According to my mother, neither my grandmother or grandfather ever took piano lessons, nor did my mom's brother. She and her sister took lessons for a short time as children but they never became accomplished players. The joy and entertainment they received from that piano over the years came from the "player" aspect of it. They bought a number of piano rolls and had a variety of music.

I like to imagine that the family gathered around the piano at Christmas and sang along to Christmas carols. But the truth is, I'm not sure if there were piano rolls available for Polish Christmas carols. And I don't know how familiar the family might have been with English carols. It's not likely they would have heard them at church since they attended a Polish Catholic church. But according to the 1930 census, they did have a radio at home, so presumably they would have heard some Christmas songs that way. It's just another of the many things I wish I'd asked my mom about before she died. And I'll hang on to my image of the family gathered around the piano in the parlor because it pleases me to do so.

When I was about 10 or so my grandmother told my mom to take the piano since I was the only one of the grandchildren to show an interest in it. But my mom and dad's house was just a small bungalow with no good place to put a piano. My mom paid for movers to move it to her house anyway and they put it in the only place there was room for it, in the basement. Our basement was "semi-finished" meaning the floor was tiled and there was a single wall dividing the basement in half. But the exterior walls were cinder block, uninsulated, and cold. The basement was lit by fluorescent lights and was always cool and damp, definitely a bad environment for a piano.

I was really excited when we first got the piano and I have happy memories of my mom and I sitting side by side and taking turns pumping the pedals and singing along to the songs (the words were printed on the piano rolls so you could see them as you played -- karaoke 1920's style!). I took piano lessons for a year or so but my heart wasn't in it. I hated practicing in the cool, damp, basement where the spiders were. The piano was badly in need of tuning but my mom said she wasn't going to pay for tuning unless I was going to take my lessons and practicing more seriously. I gave up and once more the piano only got played when we put a piano roll in. As a teenager it provided great entertainment for me and my friends. They always enjoyed coming over and playing the old songs on the old piano. Eventually, the damp environment took its toll on the piano and the piano rolls. The sound got worse and worse and the piano rolls got brittle and crumbled.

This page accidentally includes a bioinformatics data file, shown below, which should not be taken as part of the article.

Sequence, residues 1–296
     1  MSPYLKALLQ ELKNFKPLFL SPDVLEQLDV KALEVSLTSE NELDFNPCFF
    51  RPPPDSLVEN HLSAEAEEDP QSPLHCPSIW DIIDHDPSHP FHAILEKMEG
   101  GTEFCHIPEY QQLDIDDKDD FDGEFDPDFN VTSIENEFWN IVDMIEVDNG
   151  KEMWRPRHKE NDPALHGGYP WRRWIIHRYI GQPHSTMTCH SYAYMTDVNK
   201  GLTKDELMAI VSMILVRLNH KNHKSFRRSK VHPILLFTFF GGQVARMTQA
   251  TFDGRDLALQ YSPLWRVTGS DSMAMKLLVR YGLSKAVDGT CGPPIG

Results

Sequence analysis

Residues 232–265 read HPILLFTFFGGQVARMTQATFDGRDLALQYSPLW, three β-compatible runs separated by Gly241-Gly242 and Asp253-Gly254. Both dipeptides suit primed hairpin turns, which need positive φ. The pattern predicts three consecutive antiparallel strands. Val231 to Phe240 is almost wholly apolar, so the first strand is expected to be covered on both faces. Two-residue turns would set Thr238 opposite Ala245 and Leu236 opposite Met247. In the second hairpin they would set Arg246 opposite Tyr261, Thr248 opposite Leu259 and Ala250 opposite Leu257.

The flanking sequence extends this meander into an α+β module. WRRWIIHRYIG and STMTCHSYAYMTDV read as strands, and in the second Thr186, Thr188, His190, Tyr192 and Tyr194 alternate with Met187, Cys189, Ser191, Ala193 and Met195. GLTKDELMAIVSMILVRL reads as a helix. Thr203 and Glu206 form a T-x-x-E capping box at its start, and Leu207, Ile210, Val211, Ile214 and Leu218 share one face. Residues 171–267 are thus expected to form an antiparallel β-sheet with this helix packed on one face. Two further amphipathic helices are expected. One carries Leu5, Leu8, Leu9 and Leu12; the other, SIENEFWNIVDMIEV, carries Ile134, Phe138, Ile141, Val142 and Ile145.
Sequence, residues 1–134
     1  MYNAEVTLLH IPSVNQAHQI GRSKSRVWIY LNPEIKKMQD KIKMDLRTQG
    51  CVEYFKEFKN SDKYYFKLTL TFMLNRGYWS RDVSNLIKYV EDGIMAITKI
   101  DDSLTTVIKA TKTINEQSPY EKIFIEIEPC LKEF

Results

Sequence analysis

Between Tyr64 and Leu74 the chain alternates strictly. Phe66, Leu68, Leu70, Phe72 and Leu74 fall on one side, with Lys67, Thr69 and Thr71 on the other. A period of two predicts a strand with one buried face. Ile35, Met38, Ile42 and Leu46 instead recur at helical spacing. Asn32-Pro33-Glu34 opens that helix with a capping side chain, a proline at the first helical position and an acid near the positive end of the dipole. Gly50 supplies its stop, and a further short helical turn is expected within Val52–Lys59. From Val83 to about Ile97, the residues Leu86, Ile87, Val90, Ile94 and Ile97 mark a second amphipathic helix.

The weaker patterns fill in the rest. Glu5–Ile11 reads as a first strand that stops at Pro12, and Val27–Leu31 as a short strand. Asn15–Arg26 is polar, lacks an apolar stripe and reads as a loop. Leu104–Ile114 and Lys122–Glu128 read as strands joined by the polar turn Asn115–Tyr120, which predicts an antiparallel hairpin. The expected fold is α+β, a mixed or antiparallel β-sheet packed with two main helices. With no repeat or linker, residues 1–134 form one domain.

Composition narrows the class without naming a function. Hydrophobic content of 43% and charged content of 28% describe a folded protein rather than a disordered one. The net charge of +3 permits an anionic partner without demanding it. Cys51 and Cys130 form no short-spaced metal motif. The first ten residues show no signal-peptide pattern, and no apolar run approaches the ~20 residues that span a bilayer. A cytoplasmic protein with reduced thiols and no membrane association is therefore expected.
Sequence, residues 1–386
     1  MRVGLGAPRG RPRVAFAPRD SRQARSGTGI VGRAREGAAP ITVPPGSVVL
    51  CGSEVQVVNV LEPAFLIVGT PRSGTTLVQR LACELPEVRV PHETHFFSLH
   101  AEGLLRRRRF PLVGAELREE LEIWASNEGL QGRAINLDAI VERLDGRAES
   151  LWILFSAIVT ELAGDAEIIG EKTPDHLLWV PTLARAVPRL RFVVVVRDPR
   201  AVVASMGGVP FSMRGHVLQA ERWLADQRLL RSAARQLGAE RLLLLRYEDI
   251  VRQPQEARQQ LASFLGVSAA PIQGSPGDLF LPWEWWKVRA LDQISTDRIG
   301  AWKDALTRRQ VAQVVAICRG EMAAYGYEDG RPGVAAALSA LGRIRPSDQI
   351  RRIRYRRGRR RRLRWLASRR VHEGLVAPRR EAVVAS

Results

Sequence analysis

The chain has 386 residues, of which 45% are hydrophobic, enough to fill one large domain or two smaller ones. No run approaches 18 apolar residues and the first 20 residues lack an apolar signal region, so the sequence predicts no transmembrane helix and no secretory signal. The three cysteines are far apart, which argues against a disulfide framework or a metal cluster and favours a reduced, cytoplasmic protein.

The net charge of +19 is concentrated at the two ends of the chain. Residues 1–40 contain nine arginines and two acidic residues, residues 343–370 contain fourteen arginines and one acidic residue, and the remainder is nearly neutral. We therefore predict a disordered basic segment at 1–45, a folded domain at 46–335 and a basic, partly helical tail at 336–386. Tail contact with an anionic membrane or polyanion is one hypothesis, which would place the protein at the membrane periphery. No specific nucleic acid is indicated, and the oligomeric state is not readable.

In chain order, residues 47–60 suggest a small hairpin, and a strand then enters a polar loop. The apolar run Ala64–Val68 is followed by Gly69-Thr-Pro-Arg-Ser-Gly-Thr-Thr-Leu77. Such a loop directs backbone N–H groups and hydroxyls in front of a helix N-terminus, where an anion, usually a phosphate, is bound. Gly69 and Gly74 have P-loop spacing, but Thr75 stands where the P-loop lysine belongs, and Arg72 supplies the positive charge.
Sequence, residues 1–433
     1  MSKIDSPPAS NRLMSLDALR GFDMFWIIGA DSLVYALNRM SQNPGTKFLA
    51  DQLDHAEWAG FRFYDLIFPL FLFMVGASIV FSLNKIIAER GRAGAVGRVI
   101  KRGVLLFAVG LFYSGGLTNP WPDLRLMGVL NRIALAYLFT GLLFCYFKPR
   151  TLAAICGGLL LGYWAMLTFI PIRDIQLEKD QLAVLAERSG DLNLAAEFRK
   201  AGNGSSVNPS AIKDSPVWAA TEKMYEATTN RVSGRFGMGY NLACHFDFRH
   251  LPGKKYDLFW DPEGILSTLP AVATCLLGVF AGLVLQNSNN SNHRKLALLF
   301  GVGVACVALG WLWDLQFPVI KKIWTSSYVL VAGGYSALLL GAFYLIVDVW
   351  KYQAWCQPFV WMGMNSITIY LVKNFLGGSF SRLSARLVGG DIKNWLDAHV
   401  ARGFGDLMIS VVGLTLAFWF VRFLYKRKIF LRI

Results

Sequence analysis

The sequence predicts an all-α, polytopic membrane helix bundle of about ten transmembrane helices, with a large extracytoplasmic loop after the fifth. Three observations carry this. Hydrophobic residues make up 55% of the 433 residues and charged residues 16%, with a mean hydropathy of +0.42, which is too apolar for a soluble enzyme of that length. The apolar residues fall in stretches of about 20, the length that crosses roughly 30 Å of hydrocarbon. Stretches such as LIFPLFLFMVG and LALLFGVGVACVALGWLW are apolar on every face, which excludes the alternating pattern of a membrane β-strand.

Fast forward to the early 1990s when my daughter was about 6-7 years old. One day when she was spending the weekend at my mom's house, my mom asked her if she wanted to take that piano home with her. Mind you, I had the perfect place for it in my house at the time and I would have LOVED to have had it. But did my daughter say, "Yes!" like any other kid would? No.

She said, "I don't think my mom would let me have it."

I don't know why she thought that or said that or why my mom took that as the gospel truth but she did. No one said anything to me about it and the next time I was over at my mom's house I noticed the piano was gone. I asked her where in the world it went and she said, "I gave it to your brother. He had the movers come over yesterday and they took it right out."

To which I said, "Oh mom, I didn't know you wanted to give it away. I would have loved to have it!"

To which she replied, "I asked your daughter if she wanted it and she said she didn't think you'd let her have it, so I gave it to your brother."

I stood there, disbelieving. There was nothing else to be said at that point. I'd always thought of it as my piano at her house. After all, my grandmother told my mom to take it so I could play it. But now it belonged to my brother who never took lessons or showed any interest in it. Oh well.

That piano still exists at my brother's house to this day.

He has talked of restoring it one day but he hasn't gotten around to it yet. The piano's cabinet looks its age but the inside looks pretty well in tact.

I can honestly say I'm not bitter that my brother has the piano but I sure wish he'd get it restored so I could hear it play again!!!